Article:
In March 2007 I had a miscarriage at nine weeks gestation, after my baby had already been dead three weeks. A year later, I miscarried again. Three months after that, I found myself pregnant yet again.



[Read more…]

http://facesofloss.com/2010/09/272.html

Meghan
Mom to Nevaeh Simone
February 10th, 2006-July 9th, 2006
Oregon
Nevaeh Simone was born on Feb 10 2006 and died one day shy of her five-month birthday on July 9th. She came into this world early, at 27 weeks (we believe it was more like 23-25 weeks) gestation, weighing only 1 lb 9 oz. The events leading up to her birth happened so quickly that I did not have time to process what was going on. One minute she was inside my womb and then next she was whisked away to the NICU without much explanation. 

In the days following Nevaeh’s birth, we were introduced to the unit. There were monitors, wires and medical devices everywhere. The medical staff cared for her so delicately and were able to provided her with what she needed. We did not know anything that was going on around us, and it seemed as though people were speaking a different language. We wanted desperately to learn everything. She was our daughter, and we needed to care for her. We sat at her bedside around the clock longing to hold her and keep her from a world she was too small for.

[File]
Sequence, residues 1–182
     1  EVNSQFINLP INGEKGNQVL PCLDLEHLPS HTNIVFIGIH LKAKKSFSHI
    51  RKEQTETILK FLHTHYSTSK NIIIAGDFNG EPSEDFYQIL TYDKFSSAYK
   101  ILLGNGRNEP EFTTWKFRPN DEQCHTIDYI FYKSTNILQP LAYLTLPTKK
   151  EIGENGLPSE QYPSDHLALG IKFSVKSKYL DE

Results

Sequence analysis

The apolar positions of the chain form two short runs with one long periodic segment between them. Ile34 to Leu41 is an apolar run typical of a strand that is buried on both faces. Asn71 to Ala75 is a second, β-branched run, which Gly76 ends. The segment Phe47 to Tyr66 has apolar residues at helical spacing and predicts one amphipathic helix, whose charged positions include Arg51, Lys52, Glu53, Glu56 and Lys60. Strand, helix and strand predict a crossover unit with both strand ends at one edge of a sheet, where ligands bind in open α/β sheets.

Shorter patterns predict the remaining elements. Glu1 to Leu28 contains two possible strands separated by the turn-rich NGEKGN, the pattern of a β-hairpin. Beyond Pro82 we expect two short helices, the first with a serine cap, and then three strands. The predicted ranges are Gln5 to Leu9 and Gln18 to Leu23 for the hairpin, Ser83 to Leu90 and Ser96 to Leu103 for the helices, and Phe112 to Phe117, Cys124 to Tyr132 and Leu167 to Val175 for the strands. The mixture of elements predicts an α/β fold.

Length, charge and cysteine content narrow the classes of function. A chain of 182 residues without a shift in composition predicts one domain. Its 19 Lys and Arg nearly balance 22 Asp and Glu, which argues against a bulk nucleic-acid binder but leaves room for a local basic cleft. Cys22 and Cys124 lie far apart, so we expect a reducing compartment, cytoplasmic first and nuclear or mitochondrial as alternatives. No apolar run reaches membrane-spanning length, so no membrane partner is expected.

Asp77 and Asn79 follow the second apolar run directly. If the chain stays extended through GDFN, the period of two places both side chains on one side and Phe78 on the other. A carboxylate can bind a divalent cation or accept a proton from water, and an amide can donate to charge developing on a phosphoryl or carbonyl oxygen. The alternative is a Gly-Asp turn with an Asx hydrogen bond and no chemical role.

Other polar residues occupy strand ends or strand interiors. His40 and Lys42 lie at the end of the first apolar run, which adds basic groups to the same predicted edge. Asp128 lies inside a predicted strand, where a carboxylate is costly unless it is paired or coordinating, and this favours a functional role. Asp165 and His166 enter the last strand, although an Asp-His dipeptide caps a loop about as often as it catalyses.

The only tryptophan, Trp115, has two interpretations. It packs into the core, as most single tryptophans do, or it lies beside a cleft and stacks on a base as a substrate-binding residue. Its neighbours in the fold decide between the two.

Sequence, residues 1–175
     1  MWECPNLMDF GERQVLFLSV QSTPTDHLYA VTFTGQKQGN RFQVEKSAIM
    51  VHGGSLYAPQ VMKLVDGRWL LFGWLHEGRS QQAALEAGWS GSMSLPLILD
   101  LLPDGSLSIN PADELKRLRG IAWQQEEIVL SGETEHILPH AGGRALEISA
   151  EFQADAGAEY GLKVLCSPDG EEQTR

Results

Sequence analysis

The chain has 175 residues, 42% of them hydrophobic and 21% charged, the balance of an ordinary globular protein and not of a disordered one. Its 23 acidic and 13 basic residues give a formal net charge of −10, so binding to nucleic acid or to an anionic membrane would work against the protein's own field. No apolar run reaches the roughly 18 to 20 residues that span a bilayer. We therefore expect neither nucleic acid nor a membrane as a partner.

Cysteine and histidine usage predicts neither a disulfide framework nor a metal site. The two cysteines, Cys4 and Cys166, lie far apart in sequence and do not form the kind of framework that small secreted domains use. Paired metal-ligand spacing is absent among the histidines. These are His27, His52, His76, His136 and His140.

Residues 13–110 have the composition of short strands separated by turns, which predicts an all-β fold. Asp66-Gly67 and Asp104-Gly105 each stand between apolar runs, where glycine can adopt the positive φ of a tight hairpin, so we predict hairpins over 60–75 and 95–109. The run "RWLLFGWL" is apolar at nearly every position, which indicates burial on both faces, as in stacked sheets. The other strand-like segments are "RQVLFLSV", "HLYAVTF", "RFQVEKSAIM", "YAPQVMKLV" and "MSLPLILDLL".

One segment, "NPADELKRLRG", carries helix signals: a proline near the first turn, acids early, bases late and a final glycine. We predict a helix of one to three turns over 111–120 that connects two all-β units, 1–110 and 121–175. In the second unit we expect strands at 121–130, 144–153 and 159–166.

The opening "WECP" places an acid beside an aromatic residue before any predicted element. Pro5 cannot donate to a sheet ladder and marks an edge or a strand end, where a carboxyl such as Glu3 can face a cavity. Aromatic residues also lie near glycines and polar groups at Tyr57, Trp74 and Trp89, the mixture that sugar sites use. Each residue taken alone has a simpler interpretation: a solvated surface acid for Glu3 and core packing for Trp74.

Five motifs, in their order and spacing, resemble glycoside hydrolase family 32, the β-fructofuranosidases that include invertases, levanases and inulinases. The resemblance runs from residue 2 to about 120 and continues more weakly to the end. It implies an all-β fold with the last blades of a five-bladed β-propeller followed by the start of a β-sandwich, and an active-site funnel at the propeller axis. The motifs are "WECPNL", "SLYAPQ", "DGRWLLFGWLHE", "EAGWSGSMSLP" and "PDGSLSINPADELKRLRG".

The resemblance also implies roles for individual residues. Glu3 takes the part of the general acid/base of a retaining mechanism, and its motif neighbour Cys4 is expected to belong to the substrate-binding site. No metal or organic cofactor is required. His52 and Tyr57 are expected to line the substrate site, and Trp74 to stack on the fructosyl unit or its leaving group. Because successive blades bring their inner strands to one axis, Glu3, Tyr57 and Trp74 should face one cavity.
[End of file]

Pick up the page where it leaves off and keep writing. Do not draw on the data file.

Her care was involved, and her diagnosis’s were vast. We were forced to parent our daughter in a way we never dreamed. We looked to the professional to tell us if she was comfortable or if she needed something. We had never met these people,  yet her precious life was in their hands. They were able to give her what we could not which made my heart ache. I watched our life unfold in front of me. We had a plan, but this was not it. Her life was a delicate balance of numbers. Being by her side and trusting the process was what we could do for her, so we did. 

Nevy’s tiny lungs were not ready to be here, due to her early arrival, so she was placed on a ventilator which did the work of breathing for her. To us, the vent was just extension of who she was. However, it did produce challenges in cuddling and caring for her. It took over two months before her body could handle being heldI dreamt about what it would feel like the to hold her for the first time, and longed to feel her skin on mine. When the day finally arrived life was instantly better. We fit perfectly. It was the first time in her life my fears subsided, and I truly felt like mama who knew just what to do for my sweet girl.